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Habitat :Citrullus colocynthis : is native to the Mediterranean Basin and Asia, especially Turkey , Nubia and Trieste.
Citrullus colocynthis is a perennial plant.It resembles a common watermelon vine but bears small, hard fruits with a bitter pulp. It originally bore the scientific name Colocynthis citrullus, but is now classified as Citrullus colocynthis.
The Colocynth collected from the Maritime Plain between the mountains of Palestine and the Mediterranean, is mainly shipped from Jaffa and known as Turkish Colocynth. This is the best variety.
Roots and stems:
The roots are large, fleshy and perennial leading to a high survival rate thanks to the long tap root. The vine-like stems spread in all directions for a few meters looking for something to climb over. If present, shrubs and herbs are preferred and climbed by means of axiliary branching tendrils.
Very similar to watermelon leaves: they are palmed, angular with 3-7 divided lobes.
Flowers:...click to see
The flowers are yellow and solitary in the axes of leaves and are borne by yellow-greenish peduncles. Each has a subcampanulated five-lobed corolla and a five-parted calyx. They are monoecious therefore the male (stamens) and the female reproductive parts (pistils and ovary) are borne in different flowers on the same plant. The male flowers’ calyx is shorter than the corolla. They have 5 stamens, 4 of which are coupled and 1 is single with monadelphous anther. The female flowers have 3 staminoids and a 3-carpels ovary. The two sexes are distinguishable by observing the globular and hairy inferior ovary of the female flowers.
Fruits: click to see….>...(1)….(2)…..(3).
The fruit is smooth, spheric with a 5–10 cm diameter and extremely bitter at taste. The calyx englobe the yellow-green fruit which becomes marble (yellow stripes) at maturity. The mesocarp is filled with a soft, dry and spongy white pulp, in which the seeds are embedded. Each of the 3 carpels bears 6 seeds. Each plant produces 15 to 30 fruits.
The seeds are grey and 5 mm long and 3 mm wide. They are edible but similarly bitter, nutty-flavored and rich in fat and protein. They are eaten whole or used as an oilseed. The oil content of the seeds is 17–19% (w/w), consisting of 67–73% linoleic acid, 10–16% oleic acid, 5–8% stearic acid, and 9–12% palmitic acid. It is estimated that the oil yield is approximately 400 L/hectare. In addition, the seeds contain a higher amount of arginine, tryptophan and the sulfur-containing amino
Citrullus colocynthis is a perennial plant that can propagate both by generative and vegetative means. However, seed germination is poor due to the extreme xeric conditions, therefore the vegetative propagation is more common and successful in nature. In the Indian arid zone the growth takes place between January and October but the most favorable period for the vegetative growth is during summer, which coincides with the rainy season. The growth declines as soon as the rains and the temperature decrease and almost stops during the cold and dry months of December and January. Colocynth prefers sandy soils and is a good example of good water management which may be useful also on research to better understand how desert plants react to water stress. To enhance production, an organic fertilizer can be applied. Colocynth is also commonly cultivated together with cassava (intercropping) in Nigeria.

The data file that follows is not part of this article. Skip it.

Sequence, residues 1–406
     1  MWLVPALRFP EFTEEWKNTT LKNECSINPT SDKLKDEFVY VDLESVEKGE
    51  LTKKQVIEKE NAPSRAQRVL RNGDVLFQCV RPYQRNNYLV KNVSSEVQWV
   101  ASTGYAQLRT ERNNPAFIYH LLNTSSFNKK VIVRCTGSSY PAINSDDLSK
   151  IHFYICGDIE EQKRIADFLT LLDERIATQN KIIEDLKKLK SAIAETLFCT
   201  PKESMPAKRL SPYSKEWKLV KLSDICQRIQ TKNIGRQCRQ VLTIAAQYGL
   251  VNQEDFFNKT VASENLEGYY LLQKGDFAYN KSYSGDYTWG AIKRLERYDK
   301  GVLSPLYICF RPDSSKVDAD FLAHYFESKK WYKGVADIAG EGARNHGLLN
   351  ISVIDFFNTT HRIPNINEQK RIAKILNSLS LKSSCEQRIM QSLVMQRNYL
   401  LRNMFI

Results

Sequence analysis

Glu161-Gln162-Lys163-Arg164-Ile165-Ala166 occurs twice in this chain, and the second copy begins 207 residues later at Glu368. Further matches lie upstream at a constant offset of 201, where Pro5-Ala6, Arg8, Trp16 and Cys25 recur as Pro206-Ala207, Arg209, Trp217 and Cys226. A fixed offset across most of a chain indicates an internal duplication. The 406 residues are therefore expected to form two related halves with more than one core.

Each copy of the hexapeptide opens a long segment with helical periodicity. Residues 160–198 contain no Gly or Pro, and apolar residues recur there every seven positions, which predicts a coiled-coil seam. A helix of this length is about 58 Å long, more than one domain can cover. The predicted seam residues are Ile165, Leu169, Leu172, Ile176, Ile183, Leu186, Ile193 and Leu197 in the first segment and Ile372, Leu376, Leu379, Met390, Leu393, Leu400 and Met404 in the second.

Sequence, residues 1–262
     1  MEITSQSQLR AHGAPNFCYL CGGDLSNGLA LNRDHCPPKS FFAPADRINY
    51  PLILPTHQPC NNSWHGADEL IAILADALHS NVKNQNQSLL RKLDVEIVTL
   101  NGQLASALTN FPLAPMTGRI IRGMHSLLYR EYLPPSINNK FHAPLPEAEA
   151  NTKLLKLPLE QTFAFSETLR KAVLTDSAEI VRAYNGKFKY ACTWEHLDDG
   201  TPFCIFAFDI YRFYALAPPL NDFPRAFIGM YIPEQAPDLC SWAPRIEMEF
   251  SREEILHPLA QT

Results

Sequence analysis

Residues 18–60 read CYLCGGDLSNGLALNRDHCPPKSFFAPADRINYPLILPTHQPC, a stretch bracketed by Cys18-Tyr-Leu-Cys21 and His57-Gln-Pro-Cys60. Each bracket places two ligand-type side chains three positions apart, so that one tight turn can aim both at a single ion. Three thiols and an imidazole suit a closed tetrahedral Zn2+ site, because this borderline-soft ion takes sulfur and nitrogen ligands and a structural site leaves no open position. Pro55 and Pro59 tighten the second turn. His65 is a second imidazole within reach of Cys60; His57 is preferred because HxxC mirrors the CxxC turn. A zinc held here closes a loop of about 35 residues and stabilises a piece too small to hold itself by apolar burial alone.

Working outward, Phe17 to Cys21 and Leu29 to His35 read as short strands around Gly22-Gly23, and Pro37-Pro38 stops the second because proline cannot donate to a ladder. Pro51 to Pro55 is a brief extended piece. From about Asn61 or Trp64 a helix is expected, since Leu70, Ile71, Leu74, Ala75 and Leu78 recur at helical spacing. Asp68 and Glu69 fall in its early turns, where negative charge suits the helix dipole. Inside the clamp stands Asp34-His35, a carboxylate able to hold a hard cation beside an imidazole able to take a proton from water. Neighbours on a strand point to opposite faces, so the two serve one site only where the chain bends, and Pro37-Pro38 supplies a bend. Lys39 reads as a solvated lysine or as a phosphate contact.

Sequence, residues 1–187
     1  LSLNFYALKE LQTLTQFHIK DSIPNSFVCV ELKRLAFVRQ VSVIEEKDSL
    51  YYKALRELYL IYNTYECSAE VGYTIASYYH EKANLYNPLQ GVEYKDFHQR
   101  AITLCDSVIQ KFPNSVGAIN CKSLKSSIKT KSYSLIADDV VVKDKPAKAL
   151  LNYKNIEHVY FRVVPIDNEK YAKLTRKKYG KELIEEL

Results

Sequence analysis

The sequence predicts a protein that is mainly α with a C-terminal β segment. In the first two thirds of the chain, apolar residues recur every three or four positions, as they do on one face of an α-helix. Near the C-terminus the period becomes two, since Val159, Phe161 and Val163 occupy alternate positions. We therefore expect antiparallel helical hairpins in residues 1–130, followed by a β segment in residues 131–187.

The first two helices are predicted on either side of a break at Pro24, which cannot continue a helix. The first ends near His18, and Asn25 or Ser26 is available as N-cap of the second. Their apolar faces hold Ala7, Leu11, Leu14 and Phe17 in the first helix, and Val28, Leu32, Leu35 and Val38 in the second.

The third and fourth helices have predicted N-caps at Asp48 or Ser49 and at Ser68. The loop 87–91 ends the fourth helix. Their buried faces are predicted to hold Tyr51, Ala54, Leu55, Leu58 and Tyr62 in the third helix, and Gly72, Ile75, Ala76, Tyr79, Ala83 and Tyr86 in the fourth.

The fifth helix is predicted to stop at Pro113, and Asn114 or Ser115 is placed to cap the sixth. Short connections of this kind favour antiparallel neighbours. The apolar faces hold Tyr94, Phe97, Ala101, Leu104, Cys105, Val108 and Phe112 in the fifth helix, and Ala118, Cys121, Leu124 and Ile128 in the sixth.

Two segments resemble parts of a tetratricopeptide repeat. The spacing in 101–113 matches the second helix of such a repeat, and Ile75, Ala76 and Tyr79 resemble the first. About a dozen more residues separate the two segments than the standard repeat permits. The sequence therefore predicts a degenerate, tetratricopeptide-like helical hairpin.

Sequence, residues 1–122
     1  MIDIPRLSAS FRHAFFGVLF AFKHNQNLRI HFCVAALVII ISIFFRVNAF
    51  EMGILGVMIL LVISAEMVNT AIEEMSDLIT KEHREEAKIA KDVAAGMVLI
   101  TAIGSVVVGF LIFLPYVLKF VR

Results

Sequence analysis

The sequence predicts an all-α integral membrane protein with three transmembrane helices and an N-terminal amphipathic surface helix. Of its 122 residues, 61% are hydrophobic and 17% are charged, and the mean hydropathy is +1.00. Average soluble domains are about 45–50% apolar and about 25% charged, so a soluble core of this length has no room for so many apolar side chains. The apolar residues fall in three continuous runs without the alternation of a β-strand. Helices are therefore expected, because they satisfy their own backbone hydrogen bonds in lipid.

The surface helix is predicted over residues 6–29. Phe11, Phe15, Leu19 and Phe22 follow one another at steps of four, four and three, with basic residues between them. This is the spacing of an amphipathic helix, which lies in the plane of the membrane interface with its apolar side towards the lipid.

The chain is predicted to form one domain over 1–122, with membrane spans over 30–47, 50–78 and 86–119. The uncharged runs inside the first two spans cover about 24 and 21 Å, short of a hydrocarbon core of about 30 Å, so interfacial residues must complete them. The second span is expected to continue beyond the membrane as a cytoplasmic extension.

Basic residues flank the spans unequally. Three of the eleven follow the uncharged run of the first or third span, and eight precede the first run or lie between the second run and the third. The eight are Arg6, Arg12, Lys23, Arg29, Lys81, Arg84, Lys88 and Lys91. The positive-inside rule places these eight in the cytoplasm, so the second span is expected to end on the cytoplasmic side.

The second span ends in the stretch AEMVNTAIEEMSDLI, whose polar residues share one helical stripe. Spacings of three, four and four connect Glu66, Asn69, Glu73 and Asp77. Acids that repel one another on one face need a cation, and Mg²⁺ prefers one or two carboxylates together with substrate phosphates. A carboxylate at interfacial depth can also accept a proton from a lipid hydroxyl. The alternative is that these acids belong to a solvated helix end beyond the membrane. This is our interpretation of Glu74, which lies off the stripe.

Cultivated colocynth suffers of climatic stress and diseases such as cucumber mosaic virus, melon mosaic virus, Fusarium wilt, etc. as any other crop. To improve it, a relatively new protocol for regeneration[disambiguation needed] has been developed with the aim of incorporating disease and stress resistance to increase yield potential and security avoiding interspecific hybridization barriers.
Constituents: The pulp contains Colocynthin, extractive, a fixed oil, a resinous substance insoluble in ether, gum, pectic acid or pectin, calcium and magnesium phosphates, lignin and water.
Medicinal Action and Uses:
Dried pulp of unripe fruit is used medicinally for its drastic purgative and hydragogue cathartic action on the intestinal tract. When the fruit is ripe its pulp dries to form a powder used as a bitter medicine and drastic purgative. So strong that it is mostly used only in combination with other herbs. The pulp or leaves is a folk remedy for cancerous tumors. A decoction of the whole plant, made in juice of fennel, is said to help indurations of the liver. Roots may also be used as purgative against ascites, for jaundice, urinary diseases, rheumatism, and for snake-poison. The colocynth is also used for amenorrhea, ascites, bilious disorders, cancer, fever, jaundice, leukemia, rheumatism, snakebite, tumors (especially of the abdomen), and urogenital disorders. The plant figures into remedies for cancer, carcinoma, endothelioma, leukemia, corns, tumors of the liver and spleen, even the eye.
It is seldom prescribed alone. It is of such irritant nature that severe pain is caused if the powdered drug be applied to the nostrils; it has a nauseous, bitter taste and is usually given in mixture form with the tinctures of podophylum and belladonna. Colocynth fruits broken small are useful for keeping moth away from furs, woollens, etc
Known Hazards: It is a powerful drastic hydragogue cathartic producing, when given in large doses, violent griping with, sometimes, bloody discharges and dangerous inflammation of the bowels. Death has resulted from a dose of 1 1/2 teaspoonsful of the powder.
The information presented herein is intended for educational purposes only. Individual results may vary, and before using any supplements, it is always advisable to consult with your own health care provider